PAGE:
In 2017, leaders from Fishers, Noblesville and Hamilton County, owners of the roughly 40-mile railroad running from downtown Indianapolis to Tipton, announced they were going to turn the railroad into a multi-use trail. Nearly 12,000 residents opposed the trail-only solution, suggesting a rail-with-trail instead.
Those residents formed “Save the Nickel Plate,” met with local leaders and attended public meetings to voice their concerns. Despite these efforts, leaders of Fishers and Noblesville remained unyielding to compromise.
In the 1980s, the Monon railroad abandoned and removed their line. But after vibrant study and community input, leaders of Indianapolis, Carmel and Westfield agreed to purchase the overgrown right-of-way and convert it into a walking trail. Unlike the Monon, the Nickel Plate tracks are still in place and several railroads have offered to run trains on them. Many community activists believe the Nickel Plate Trail represents the height of government waste—spending taxpayer money to replace one amenity with another when both are possible.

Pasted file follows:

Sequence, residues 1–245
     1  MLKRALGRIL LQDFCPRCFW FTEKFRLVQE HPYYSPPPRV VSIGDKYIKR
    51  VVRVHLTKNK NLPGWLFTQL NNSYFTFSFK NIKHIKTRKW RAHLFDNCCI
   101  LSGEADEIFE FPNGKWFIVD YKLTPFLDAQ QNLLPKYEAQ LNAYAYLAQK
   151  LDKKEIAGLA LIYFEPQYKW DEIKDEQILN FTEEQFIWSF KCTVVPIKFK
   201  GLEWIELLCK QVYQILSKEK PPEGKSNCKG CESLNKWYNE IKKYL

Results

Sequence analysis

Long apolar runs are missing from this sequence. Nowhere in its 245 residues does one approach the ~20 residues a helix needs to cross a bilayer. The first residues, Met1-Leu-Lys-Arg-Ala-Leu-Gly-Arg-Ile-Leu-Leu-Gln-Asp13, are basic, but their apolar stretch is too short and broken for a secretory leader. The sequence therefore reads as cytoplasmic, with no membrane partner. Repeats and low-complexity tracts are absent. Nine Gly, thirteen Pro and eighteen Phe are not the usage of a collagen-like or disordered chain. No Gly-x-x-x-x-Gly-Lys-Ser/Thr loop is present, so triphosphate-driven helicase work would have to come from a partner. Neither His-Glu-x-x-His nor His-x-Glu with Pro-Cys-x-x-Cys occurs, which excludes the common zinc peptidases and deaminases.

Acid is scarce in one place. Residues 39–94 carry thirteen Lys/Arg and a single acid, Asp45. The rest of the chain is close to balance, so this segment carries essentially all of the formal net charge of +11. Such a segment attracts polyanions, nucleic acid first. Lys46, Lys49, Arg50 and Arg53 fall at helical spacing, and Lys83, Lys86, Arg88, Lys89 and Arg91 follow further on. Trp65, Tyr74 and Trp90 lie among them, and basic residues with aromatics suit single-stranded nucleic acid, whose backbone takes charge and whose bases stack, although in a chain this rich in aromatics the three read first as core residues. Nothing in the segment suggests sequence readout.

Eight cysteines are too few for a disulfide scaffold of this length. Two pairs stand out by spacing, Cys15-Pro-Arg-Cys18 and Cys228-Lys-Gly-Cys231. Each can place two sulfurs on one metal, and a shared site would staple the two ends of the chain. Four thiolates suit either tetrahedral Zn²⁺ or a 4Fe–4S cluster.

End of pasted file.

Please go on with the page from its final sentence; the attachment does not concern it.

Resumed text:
Since the 2017 decision to construct a trail, Fishers, Noblesville and Hamilton County have engaged the Surface Transportation Board to “railbank” the Nickel Plate. Railbanking allows for interim trail use but dictates that a railroad company may re-establish service at any time. While Fishers, Indianapolis and Noblesville are poised to spend millions of taxpayer dollars to build a trail only, their uncompromising decision guarantees that future rail service will require destruction of the trail.
Interestingly, on March 29, U.S. Rail Holdings LLC asked the STB for rights to operate on the Nickel Plate railroad to provide freight service to three adjacent businesses. Ironically, while freight is strongly opposed, the choice to railbank the line made freight possible. If our elected officials would have listened at their “listening sessions,” freight could have been prevented—but now has priority.
Save the Nickel Plate supporters don’t relish the idea of freight trains. However, we are excited about the possibility of organizations like First Transit LLC and the Hoosier Rails to Trails Council to provide what we’ve envisioned—commuter rail and a multi-use trail—or to put it another way, rail-with-trail.